As part of our end-to-end services, GBI provides fill/finish services, typically at vial counts of 2,000 or less and for various vial sizes (and occasionally cartridges) in an ISO 5 space with full media qualification. Our current system is a semi-automated fill, but we are in the process of installing a fully automated system and will have the capability for automated filling and sealing of up to 5,000 vials per shift — with up to two shifts per day — starting in October 2022. The new system is suitable for pre-sterilized nested vials (2R to 50R), syringes (0.5 mL to 50 mL), or cartridges (1 mL to 20 mL) with up to 10 units per minute at fill accuracies of. ± 1.0% from 0.5mL – 3.0 mL fill volumes and ± 0.5% from 3.0 mL – 50 mL fill volumes. It includes real-time, non-destructive, in-process weight checks, cameras for visual inspection, active particulate monitoring, vacuum stoppering, and container purging with inert gas. The system is currently configured for 2R and 10R vials and 1-mL syringes.

The Advantages of Fully Qualified Cold-Chain Storage

Many of the newest biologics candidates in development today, including next-generation antibody products, are unstable at room temperature and require storage and shipment under refrigerated or frozen conditions. Access to sufficient storage capacity, while not typically considered part of process development, is essential to ensure as projects move to later development stages.

 Given that regulatory authorities expect to see evidence of temperature-controlled storage capabilities in multiple locations, reliable cold-chain infrastructure is essential for any biologics CDMO.

GBI, based on its years of experience in recombinant protein and mAb process development and manufacturing, takes a holistic approach to the activities involved in biologics development. Therefore, we are currently investing in significant additional fully qualified cold-chain storage capacity, both onsite and at qualified offsite vendors, not only for bulk drug substance and formulated product storage but also for cell banking.

End-to-End Support

With a long legacy in the business and the completion of projects for approximately 150 clients, a track record of over 50 successful INDs, and flexible capacity, GBI is among the strongest CDMO providers supporting antibody-based and other complex biologics projects. To this end, we are recognized for our ability to quickly initiate projects and advance them rapidly. Unlike large CDMOs, which often have backlogs of two to three years or longer, lead times at GBI can be as low as a few months or less in some cases.

As importantly, GBI supports clients with end-to-end capabilities, starting with the transfer of the RCBs from the client all the way through the process development and manufacturing phases, even for complex biologics, such as bioconjugates, bispecific antibodies, Fc-fusion proteins, cytokines, enzymes, and many more. We have the capabilities in place to ensure the development of robust and scalable processes that produce high-quality products with the required critical quality attributes. Our development and manufacturing strategies and technology platforms enable rapid implementation of both IND- and BLA-enabling activities. As a result, we help our clients simplify the development process, lower costs, and reduce project timelines, ultimately helping get high-quality and innovative therapies into the hands of patients.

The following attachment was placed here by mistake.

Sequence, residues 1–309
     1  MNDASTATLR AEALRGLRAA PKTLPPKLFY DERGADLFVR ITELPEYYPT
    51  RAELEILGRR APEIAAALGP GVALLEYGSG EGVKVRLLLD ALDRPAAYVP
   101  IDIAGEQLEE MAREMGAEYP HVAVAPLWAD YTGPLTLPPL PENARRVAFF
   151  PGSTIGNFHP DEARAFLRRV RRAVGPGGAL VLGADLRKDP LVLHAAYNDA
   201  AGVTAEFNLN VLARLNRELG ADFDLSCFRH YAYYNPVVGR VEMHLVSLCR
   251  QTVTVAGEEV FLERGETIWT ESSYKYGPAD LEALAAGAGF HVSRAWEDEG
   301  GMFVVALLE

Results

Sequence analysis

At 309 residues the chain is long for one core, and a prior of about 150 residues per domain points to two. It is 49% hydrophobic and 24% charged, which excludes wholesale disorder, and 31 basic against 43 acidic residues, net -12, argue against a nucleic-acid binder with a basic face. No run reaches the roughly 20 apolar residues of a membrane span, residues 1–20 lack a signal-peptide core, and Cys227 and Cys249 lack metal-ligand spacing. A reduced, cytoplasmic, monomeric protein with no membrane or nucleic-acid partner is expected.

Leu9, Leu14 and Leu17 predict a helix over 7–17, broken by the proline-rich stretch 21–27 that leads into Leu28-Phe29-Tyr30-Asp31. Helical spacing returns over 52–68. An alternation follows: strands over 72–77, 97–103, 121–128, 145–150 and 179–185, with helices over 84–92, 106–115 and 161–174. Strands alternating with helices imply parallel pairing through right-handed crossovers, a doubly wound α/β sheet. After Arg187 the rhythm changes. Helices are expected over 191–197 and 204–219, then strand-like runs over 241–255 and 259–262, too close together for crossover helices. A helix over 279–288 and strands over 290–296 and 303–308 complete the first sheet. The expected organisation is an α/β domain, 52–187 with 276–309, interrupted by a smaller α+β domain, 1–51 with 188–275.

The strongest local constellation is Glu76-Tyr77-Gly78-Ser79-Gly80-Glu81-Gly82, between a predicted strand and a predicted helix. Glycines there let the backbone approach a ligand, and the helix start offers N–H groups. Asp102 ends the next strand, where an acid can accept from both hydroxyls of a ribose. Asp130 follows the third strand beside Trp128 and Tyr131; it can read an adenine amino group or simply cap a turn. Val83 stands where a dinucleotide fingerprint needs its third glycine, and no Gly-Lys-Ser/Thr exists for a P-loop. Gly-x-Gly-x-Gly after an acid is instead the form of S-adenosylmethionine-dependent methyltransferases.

Table 1. Analytical methods performed by GBI (and CTO) for GMP BDS and VDP release; product (BDS, VDP and RS) stability; reference standard (RS) evaluation; and product comparability assessment.


Analytical Method

Release BDS

Release VDP


RS Evaluation

Product Comparability

Appearance (Visual)

Concentration (A280)

pH (compendial)

Osmolality (compendial)

Not required

Not Required

IEF (or capillary)

Antigen Specific ELISA

SDS-PAGE (or capillary)

SDS-PAGE (NR) (or capillary)



Not required

Not required

Cell-Based Assay

Not required

Not required


Not required

Endotoxin by LAL (compendial)

Particulate (compendial) (CTO)

Not required





Container Closure Integrity (compendial) (CTO)

Not required

Extractable Volume (compendial)

Not required

Sterility (Compendial) (CTO)

Extended Characterization

N-linked Oligosaccharide Profile (CTO)

Not required

Not required

Peptide Mapping (CTO)

Not required

Not required

Peptide Mapping: Methionine Oxidation and deamidation (CTO)

Not required

Not required

Molecular Mass (Mass spec) (CTO)

Not required

Not required

IgG Intact Mass (Mass-spec) Reduced, Deglycosylated and Glycosylated (CTO)

Not required

Not required

IgG Subunit Analysis (Mass spec) (CTO)

Not required

Not required

Sialic acid content (CTO)

Not required

Not required

Analytical Ultracentrifugation
Sedimentation Velocity (AUC-SV) (CTO)

Not required

Not required

Free Sulphydryl assay (Ellman’s Reagent)

Not required

Not Required

Western Blot

Not required

Not required



  1. Sesay, M. Theranostic Manufacturing Solutions.” Pharma’s Almanac. 29 Aug. 2022
  2. ICHQ7: Good Manufacturing Practice Guidance for Active Pharmaceutical Ingredients. The International Council for Harmonisation of Technical Requirements for Pharmaceuticals for Human Use. Sep. 2016.
  3. ICHQ8: Pharmaceutical Development. The International Council for Harmonization of Technical Requirements for Pharmaceuticals for Human Use. Jun. 2017.
  4. ICH Q9: Quality Risk Management. The International Council for Harmonization of Technical Requirements for Pharmaceuticals for Human Use. Nov. 2005.
  5. ICH Q10: Pharmaceutical Quality System. The International Council for Harmonization of Technical Requirements for Pharmaceuticals for Human Use. Jun. 2008.
  6. ICH Q11: Development and Manufacture of Drug Substance. The International Council for Harmonization of Technical Requirements for Pharmaceuticals for Human Use. Nov. 2012.